State of Attention
As a newbie to the 100% virtual world (working from home) I have come to realize how hard it is to keep a routine much less a highly productive one.
Despite my 10 minute cell phone "viewing postponement" after waking up and my "habit stacked" mornings remaining intact, I have felt the rest of my day difficult to manage.
Have you recently said any of these to yourself?
"I spent the whole day checking/addressing emails. It was one of the best days of my life!"
"I'm so glad I looked up the case count for total/new COVID-19 cases and read articles about it at least 10x times today. It really helped my anxiety and allowed me to be highly productive".
In this time of stress and change, ROUTINE is more important than ever.
When we have poor attention management it decreases the quality of many things in our life. It doesn't just make you less productive; it makes your relationships and conversations less meaningful. Losing face to face meetings has unintended consequences. It is not as easy to pay attention to others.
In the past week, I have incorporated the following changes which seem to help with routine and my state of attention:
1) Rather than firing off emails first thing in the day with newsletters/articles about the current drama to clients and/or colleagues, I decided I would call or text a client or colleague each morning asking the following:
"What can I do to make your day?" or "What are you working through right now?" The responses were amazing. It allowed me to bring my attention to matters outside my own email and current events.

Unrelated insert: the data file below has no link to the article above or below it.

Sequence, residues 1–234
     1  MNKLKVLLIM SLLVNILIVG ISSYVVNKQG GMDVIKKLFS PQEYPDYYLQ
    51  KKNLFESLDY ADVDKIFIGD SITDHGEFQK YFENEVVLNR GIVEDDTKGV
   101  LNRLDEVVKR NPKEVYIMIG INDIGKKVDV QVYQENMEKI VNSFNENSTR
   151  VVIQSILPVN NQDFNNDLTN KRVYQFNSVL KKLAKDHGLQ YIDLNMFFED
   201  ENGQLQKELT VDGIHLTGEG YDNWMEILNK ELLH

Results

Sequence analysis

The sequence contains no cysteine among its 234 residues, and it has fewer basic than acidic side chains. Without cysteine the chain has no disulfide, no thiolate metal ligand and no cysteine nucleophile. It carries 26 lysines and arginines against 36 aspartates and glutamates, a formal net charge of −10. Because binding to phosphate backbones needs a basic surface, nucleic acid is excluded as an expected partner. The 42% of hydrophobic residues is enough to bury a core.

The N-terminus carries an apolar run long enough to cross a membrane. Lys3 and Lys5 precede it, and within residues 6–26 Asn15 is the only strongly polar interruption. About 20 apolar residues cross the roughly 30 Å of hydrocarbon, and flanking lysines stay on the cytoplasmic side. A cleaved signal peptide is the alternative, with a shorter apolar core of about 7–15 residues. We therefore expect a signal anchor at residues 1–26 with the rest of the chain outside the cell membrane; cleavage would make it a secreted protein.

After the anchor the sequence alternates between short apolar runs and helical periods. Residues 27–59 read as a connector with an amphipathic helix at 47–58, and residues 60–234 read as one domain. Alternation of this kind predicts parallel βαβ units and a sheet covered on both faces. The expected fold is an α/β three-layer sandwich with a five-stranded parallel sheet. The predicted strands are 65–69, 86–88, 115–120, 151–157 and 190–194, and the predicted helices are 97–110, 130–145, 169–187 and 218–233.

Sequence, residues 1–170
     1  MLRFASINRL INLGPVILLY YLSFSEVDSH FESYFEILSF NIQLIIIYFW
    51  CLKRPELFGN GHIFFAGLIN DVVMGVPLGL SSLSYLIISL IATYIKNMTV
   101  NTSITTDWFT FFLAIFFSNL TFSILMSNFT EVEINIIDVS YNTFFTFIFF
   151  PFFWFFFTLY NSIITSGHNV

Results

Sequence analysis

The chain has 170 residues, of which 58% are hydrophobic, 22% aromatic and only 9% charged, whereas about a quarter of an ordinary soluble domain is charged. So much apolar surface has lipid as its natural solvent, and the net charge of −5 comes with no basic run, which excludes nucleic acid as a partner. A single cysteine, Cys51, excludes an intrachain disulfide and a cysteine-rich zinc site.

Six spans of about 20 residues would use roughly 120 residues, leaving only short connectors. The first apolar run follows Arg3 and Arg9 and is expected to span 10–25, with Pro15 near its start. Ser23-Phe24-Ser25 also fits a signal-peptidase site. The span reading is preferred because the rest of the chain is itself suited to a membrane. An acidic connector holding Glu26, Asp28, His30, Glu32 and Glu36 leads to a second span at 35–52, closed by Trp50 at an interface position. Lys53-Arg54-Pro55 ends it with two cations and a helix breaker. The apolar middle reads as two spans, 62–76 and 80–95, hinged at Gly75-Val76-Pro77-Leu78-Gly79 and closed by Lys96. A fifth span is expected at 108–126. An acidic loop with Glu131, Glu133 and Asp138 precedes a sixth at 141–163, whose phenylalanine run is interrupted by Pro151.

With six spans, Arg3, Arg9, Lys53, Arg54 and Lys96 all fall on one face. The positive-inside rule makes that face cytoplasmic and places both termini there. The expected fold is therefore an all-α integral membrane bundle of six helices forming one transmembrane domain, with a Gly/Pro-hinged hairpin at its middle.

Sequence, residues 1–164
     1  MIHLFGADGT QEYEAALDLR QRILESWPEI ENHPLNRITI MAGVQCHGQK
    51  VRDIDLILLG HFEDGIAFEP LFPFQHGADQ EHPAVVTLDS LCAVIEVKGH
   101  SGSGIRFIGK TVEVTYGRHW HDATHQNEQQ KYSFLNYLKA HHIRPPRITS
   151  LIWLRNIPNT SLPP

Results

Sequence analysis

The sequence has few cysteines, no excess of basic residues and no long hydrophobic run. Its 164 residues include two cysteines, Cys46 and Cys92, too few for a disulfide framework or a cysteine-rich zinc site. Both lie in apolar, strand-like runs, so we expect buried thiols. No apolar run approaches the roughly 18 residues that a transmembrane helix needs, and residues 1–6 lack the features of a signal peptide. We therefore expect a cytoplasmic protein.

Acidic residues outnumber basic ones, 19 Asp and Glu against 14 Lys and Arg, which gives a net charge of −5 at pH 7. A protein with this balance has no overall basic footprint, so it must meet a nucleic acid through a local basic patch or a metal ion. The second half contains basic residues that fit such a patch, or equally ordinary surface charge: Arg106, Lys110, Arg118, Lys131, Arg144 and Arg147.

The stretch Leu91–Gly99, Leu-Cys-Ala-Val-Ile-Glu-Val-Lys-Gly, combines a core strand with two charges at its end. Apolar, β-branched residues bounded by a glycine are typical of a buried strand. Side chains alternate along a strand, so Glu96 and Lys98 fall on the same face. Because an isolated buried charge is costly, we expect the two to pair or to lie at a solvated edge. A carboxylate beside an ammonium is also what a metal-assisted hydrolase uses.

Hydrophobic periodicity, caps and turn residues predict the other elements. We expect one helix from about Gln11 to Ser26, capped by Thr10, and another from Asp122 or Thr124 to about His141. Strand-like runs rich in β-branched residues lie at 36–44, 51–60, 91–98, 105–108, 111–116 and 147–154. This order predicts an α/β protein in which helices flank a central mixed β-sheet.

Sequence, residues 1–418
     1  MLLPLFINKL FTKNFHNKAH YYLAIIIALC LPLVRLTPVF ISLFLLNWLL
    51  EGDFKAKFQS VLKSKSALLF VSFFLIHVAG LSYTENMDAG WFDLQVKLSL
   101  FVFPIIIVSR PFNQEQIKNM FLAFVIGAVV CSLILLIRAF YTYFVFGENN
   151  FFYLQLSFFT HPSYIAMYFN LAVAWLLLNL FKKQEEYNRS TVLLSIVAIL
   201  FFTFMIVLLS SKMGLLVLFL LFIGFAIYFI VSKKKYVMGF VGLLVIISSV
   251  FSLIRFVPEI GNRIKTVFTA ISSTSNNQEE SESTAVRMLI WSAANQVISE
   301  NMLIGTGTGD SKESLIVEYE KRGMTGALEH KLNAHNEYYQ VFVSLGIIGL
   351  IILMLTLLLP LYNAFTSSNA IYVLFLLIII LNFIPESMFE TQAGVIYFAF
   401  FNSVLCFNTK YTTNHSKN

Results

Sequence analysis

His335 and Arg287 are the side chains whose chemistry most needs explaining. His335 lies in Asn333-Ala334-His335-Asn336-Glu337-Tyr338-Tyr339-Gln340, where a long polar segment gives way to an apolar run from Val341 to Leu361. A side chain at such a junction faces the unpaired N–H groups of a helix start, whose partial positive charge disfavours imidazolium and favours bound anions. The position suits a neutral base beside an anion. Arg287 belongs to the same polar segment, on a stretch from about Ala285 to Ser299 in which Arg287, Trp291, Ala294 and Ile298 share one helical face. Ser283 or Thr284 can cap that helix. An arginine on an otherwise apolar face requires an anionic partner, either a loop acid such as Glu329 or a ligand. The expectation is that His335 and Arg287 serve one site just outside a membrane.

2) I limit my reading on the current crisis to 15 minutes per day (1x per day) - ideally at the end of the day. Distraction fuels anxiety! Set a news cut off time. Being informed helps us feel more prepared however it is important to set limits to media consumption. This will allow you to put stressful news into perspective.
3) I've blocked off times of the day for "deep work" (i.e. projects). Not only does this require time to think through your ideas, you feel satisfied when you have completed some or all of this task. Getting through emails gives us those shots of dopamine but it isn't meaningful work.
4) Airplane mode. Set a time or find time each day where you will put your phone in airplane mode. You can still listen music, podcasts, etc. and it prevents email/phone interruptions.
"Almost everything will work again if you unplug it for a few minutes, including you.” — Anne Lamott
Hopefully by adding more structure to your day and putting your attention on others, you will find it easier to cope with this time of unpredictability.
Have a great weekend, Karl
+Quote: "The more thinly you slice your attention, the less focused you become. The less focused you become, the less progress you make. This is why you feel like you're not getting a lot done, even though you're "super busy." – Ryder Caroll
+Quote: "Paying attention makes us happy. Seeking it doesn't." - Joseph Gordon-Levitt